by Matt Clarke
On April 13, 2016, Gary Mohr, Director of the Ohio Department of Rehabilitation and Correction (ODRC), announced plans to phase out farming operations at all ten of the state’s prison farms, and sell around 7,000 of the 12,300 acres of prison farmland.
Mohr’s announcement came just a little over a year after the ODRC requested and received $8.9 million from the Ohio General Assembly for improvements at the prison system’s farms. The closures will affect as many as 220 prisoners employed during peak periods; 72 staff positions will also be impacted.
The Ohio Civil Services Employees Association (OCSEA), which represents 30,000 state employees, including those whose positions at ODRC farms will be eliminated, said the closures would affect 56 farm coordinators who are union members.
“Unfortunately, we believe the impetus for this change is purely political,” said union president Christopher Mabe. “It has nothing to do with [ODRC’s] core mission of recidivism or safety. This is about dollars and cents for corporate interests.”
The Ohio prisons operating the farms include Chillicothe (1,809 acres), Mansfield (1,485 acres), Marion (995 acres), Pickaway (1,200 acres) and Southern Correctional Complex (578 acres). The prison system will no longer raise about 2,300 beef cattle and 1,000 milk cattle, but will continue to operate its 21,000-square-foot meat processing plant located at the Pickaway Correctional Institution. The money from selling the farm land will reportedly be used to fund rehabilitation programs.
“We’re going to be able to touch a lot more inmates and focus on their reentry,” said Director Mohr. “Farming has not been an area where we’re placing people when they go out in the community. We want to focus more on prison enterprises inside the walls.”
Mohr added that prison farms were an anachronism that were no longer in line with the goal of preparing prisoners for life on the outside, as they provided jobs for only 220 prisoners and few continued to work in farming-related positions following their release. He also cited the security risk that farms present, as people can drop off contraband which farm workers could then smuggle into the prisons.
Yet when the ODRC sought funds to upgrade its farm facilities in 2015, the department said prison agricultural programs were important “to provide offenders with valuable skills that can be used in the community upon their release.”
OCSEA’s Mabe said the prison farm closures were decided “without much explanation, rationale, or plan,” and were instigated by “powerful private food industry lobbyists, like the meat industry, which have been lobbying the Ohio statehouse in an effort to shut down prison farms and take over the business.”
Since selling off its dairy herd, the ODRC spends an extra $2.6 million a year to buy milk for around 50,000 prisoners. An existing state contract with four Ohio dairies was expanded in May 2016; the prison system uses roughly 1.3 million gallons of milk annually.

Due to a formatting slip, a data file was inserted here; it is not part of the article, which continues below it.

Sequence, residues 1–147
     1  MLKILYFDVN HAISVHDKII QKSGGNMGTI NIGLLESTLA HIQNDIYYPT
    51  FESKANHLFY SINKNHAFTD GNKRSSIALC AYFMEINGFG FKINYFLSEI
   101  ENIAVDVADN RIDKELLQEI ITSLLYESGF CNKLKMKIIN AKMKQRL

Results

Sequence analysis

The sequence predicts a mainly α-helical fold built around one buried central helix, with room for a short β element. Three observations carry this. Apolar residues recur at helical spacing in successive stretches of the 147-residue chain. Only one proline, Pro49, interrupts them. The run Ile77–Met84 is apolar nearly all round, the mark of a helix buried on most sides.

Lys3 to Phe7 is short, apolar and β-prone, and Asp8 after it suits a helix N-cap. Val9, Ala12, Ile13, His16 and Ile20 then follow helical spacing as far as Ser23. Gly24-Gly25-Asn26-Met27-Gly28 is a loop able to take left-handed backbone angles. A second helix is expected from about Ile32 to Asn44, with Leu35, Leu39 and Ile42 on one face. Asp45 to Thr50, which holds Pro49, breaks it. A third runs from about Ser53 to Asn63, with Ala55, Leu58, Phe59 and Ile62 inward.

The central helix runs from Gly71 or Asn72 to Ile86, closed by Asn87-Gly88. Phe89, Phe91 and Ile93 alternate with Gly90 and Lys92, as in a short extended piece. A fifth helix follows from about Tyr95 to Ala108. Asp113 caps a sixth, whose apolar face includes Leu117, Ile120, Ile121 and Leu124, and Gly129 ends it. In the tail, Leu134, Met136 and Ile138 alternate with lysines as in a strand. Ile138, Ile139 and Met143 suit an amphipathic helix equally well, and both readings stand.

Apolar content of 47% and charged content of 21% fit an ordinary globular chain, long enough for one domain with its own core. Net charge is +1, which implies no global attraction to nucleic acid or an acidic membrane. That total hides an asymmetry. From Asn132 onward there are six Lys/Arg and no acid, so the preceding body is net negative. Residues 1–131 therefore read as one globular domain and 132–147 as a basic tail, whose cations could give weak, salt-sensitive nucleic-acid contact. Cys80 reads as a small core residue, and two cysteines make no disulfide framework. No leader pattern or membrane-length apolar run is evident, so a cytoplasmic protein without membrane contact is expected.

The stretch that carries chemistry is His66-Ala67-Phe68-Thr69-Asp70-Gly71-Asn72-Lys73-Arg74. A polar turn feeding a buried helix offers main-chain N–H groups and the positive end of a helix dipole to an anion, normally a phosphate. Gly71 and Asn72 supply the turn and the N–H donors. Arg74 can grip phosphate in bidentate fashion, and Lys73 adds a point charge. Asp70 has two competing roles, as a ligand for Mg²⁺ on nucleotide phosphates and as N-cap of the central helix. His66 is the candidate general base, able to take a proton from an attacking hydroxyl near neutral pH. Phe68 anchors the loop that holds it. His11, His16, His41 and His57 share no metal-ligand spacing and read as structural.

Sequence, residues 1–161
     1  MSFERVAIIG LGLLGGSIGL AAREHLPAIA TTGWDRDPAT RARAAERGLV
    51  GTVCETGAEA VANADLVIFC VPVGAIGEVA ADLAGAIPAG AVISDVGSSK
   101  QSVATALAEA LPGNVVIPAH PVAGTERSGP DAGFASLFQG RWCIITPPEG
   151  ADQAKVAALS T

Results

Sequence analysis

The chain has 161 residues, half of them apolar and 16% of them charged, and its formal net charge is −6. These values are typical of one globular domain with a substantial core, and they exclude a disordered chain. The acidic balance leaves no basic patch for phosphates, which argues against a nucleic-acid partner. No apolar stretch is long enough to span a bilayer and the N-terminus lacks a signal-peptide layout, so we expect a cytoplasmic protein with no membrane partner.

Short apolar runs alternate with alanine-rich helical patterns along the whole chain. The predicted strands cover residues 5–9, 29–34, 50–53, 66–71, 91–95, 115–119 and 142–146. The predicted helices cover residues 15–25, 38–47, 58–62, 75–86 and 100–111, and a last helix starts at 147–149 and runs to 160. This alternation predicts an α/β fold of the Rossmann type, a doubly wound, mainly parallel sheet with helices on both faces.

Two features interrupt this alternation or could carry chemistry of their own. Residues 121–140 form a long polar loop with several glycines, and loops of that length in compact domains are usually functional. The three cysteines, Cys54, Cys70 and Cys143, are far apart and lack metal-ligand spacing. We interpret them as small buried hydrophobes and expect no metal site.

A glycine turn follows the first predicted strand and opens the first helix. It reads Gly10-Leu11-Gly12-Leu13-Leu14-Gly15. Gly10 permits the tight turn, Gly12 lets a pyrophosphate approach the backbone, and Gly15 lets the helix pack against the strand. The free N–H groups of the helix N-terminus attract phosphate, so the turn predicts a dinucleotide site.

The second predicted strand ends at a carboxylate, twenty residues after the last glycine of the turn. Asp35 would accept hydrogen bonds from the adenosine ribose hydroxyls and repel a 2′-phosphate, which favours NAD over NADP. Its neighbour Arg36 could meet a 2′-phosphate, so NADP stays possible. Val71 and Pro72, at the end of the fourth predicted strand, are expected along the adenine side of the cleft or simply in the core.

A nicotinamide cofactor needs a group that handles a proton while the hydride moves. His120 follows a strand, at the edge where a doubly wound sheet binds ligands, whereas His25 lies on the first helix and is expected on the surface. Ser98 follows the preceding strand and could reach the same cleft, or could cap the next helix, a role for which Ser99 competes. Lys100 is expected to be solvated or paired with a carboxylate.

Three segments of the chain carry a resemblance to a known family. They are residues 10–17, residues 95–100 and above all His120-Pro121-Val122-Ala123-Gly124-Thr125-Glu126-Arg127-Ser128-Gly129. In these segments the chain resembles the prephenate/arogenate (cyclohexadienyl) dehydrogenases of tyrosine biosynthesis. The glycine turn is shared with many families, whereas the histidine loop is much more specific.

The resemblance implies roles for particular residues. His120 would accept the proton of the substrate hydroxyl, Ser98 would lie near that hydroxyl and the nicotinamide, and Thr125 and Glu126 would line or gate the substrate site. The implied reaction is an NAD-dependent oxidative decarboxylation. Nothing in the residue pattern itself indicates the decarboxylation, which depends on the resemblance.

Aramark, a private food services company, was hired in September 2013 to provide meals at ODRC facilities; the firm, which has been cited for maggots found in kitchen areas and other problems, has announced plans to replace fresh milk with powdered milk in state prisons. In 2015, Aramark successfully lobbied the ODRC to rebuff an OCSEA attempt to win back its prison food services contract. [See: PLN, Dec. 2015, p.1].
Another potential loser from the proposed farmland sale is the Ohio Association of Food Banks, which has received 800,000 pounds a year of produce grown at prison farms.
Rick Savors, media relations manager for the Ohio Facilities Construction Commission, said much of the money requested for the improvements at prison farms had already been spent, though the announced farm sales did halt the purchase of about $350,000 worth of equipment originally included in the ODRC’s $8.9 million funding request.
On May 5, 2016, OCSEA filed a lawsuit seeking to prevent the farm closures. The suit alleged the closures violated the ODRC’s employee contract even though the department had announced it expected to find other job positions for the farm employees.
The case was dismissed in September 2016. Three months later the prison farms closed and their equipment was auctioned off in what Mabe called a “fire sale.” The state received about $4.5 million for 3,186 head of dairy and beef cattle, plus farm equipment that included tractors, fences, hay wagons and a warmer for bull semen.
“Pennies on the dollar,” Mabe said of the auction proceeds. “If [ODRC] had done what it had planned to do and expanded our dairy and beef operation, we could have saved millions for the taxpayer,” he added. “This has always been a solution looking for a problem.”
ODRC spokeswoman JoEllen Smith said the $5 million annual payroll costs for the 72 prison farm employees could be better spent on security and career training.
The Ohio General Assembly also acted to authorize the sale of the farmland. According to a June 28, 2017 article in the Columbus Dispatch, the current state budget includes a provision to sell nearly 7,000 acres of farmland through ‘“negotiated real-estate purchase agreements,’ competitive bidding or public auctions,” which may include no-bid sales.
Sources: Columbus Dispatch, Mansfield News Journal, www.examiner.org, www.farmanddairy.com
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